A Pre-Midterm Analysis: Where Do Dems Stand?


“I am not a member of any organized political party,” said American humorist Will Rogers, “I am a Democrat.” With a contentious midterm upon us and the disappointment of the 2016 election in the Democratic camp, the role and future of the Democratic party has come into serious question. A 2015 study by Matt Grossman and David Hopkins captured Rogers’ jab while underlining what I view as a serious flaw in the Democratic party. The two major American parties are not symmetrical opposites, the authors claim, but entities organized around different elements. The Republican party is ideologically driven, with an emphasis on doctrinal loyalty and the basic principle of limited government. The Democrats are a coalition of interests who seek beneficial government policy over any ideological tenet. The authors back up their findings with survey data that demonstrates an issue-ideology split in voters. Americans described themselves as largely conservative on general questions but solidly liberal on the individual issues, a factor that contributes to the independent development of our parties. But this has hurt Democrats. Republicans have a near monopoly on labeling—being ‘Republican’ means something, far more than being a Democrat, because the Republican party has a solid ideological program. The Democratic primaries are a fair indicator on the lack of labeling success for the Democrats. Bernie Sanders, a self-described Democratic Socialist, polled strongly across the Midwest in states like Michigan and Indiana. Sanders managed to appeal to a largely conservative Democratic crowd, one unfamiliar with the ‘Democratic Socialist’ label, while Clinton lagged behind. Why? Because Sanders framed his policies around a cogent ideological platform—he had to do so. His policies were novel, especially in the Midwest, meaning Sanders had to justify his policies, root them in deeper American traditions. It was because his position was foreign that ideology was invoked, and I think that factor was decisive. Informally, Americans don’t like socialism. It’s unfamiliar. The U.S. doesn’t have a traditional labor party in the sense of the Sozialdemokratische Partei Deutschland, or the Labor Party in the U.K. Nor are Americans particularly familiar with socialist programs like single-payer healthcare or free college tuition. In other words, Sanders wasn’t successful because being a ‘Democrat’ translated to his policies, as the Democratic party lacks that uniform ideological base as egalitarianism or welfare statism. It was Sanders ability to reframe unfamiliar issues with core American principles easily identifiable to Americans who were unfamiliar with Sanders’ own label as a Democratic Socialist. Take one of Sanders core issues, wealth inequality. By presenting radical wealth inequality as a basic problem of unfairness—that Americans were working longer for lower wages—Sanders took a socialist policy and made it part of conventional American ideals of fairness and individual initiative. Higher taxes were presented as taking a ‘fair share,’ while other issues like free college tuition were wrapped in the trappings of equal opportunity and a capitalistic can-do attitude. Above any particular issue, however, was Sanders vision of a new America, one defined by equality in opportunity, in race and gender, in the fair redistribution of wealth. Sanders was better at linking policies with a cogent ideology. Hillary Clinton’s campaign was by-and-large a traditional one. The incapacity of her campaign to break out of these traditional policy associations with the Democratic party hampered wider appeal and left the party hamstrung between its left and right wings. The legacy of this divide has been somewhat allayed by the election victory of Donald Trump, as a new and easily identifiable label has arisen—anti-Trump. But the limitations of the policy basis for the Democratic party is still with them. The study presented by Grossman and Hopkins demonstrate the serious ideological weakness of a party predicated on a loose alliance of particular interests, and while Clinton enjoyed the 2016 popular vote, Democrats would certainly benefit from a clear ideological roadmap that goes beyond ‘anti-Trump.’ A reaffirmation of the Democratic party around an ideological core of egalitarianism neatly fits with a wider demographic change. As America moves towards a post-manufacturing economy, and the demographic makeup moves towards a minority white population, the traditional policies of the Democratic party have been strained and justly challenged. Harvard’s Institution of Politics released a poll last month that showed more young people support free college tuition, a higher minimum wage, and a single-payer healthcare scheme. Support for particular Democratic policies is, to generalize, higher than ever. The challenge for the Democratic candidate in 2020 will be framing this policy support in a way that appeals beyond the traditionally limited meaning of the term ‘Democrat.’ If Bernie Sanders could sell socialism to the Midwest by coupling popular policies with an ideological vision, Democrats can win in 2020 by presenting the electorate with a hope for a more perfect union.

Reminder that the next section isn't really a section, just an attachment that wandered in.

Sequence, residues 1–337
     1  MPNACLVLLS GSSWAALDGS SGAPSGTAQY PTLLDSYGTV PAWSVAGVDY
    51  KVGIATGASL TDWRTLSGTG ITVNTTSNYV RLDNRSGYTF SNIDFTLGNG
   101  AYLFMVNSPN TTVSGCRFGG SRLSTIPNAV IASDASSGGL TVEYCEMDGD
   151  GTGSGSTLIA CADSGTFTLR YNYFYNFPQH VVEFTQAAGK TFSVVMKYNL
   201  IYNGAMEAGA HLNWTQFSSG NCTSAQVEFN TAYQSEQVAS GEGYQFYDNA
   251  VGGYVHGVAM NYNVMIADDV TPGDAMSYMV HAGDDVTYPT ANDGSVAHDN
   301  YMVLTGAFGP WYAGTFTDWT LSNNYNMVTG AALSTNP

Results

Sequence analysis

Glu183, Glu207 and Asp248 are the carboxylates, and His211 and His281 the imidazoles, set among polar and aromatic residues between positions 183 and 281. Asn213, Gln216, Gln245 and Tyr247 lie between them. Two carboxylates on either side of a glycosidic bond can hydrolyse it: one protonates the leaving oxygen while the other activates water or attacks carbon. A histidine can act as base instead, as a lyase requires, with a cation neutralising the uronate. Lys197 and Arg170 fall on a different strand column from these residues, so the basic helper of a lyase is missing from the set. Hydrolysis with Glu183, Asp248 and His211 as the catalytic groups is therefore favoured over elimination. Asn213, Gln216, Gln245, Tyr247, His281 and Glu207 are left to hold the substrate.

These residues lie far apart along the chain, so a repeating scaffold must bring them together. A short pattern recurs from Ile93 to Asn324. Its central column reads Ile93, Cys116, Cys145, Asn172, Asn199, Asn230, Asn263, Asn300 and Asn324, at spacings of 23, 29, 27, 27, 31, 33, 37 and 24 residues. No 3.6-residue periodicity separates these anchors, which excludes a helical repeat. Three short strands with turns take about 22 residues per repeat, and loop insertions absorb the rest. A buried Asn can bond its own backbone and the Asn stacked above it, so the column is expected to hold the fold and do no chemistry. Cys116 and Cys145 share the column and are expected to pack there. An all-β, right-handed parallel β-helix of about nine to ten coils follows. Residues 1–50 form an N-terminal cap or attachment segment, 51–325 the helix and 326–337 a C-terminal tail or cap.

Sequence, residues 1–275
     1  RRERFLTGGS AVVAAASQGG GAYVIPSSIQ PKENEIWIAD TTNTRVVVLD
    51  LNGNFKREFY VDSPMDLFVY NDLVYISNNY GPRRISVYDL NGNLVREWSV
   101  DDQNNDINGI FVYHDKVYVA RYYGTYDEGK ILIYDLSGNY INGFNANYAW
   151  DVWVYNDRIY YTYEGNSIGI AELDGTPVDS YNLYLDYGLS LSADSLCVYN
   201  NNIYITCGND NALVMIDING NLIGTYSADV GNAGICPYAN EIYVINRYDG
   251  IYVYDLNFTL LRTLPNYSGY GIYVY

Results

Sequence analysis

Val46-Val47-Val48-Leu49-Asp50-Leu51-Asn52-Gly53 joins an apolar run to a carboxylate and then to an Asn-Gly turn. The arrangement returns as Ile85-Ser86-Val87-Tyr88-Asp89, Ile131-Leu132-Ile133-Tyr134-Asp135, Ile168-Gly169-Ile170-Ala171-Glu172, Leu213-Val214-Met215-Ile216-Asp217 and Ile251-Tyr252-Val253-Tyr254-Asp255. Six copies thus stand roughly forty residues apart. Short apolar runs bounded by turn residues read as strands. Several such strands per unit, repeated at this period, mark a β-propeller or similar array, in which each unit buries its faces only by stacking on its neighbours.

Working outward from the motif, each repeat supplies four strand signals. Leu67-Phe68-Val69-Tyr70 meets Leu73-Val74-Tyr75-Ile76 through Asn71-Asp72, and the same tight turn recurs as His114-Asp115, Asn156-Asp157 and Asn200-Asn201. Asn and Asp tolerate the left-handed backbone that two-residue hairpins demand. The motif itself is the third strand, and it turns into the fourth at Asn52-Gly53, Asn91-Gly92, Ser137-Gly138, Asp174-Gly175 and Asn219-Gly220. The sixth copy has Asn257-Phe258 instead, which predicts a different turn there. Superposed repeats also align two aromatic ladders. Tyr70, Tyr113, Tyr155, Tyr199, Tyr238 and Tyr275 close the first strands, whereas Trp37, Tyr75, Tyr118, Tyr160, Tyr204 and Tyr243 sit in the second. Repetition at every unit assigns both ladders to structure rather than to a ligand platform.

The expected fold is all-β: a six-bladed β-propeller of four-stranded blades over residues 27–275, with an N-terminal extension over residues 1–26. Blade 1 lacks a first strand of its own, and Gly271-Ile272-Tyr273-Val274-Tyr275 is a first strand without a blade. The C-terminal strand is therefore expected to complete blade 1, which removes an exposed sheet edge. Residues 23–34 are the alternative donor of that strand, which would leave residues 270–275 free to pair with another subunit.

You May Also Like

+ There are no comments

Add yours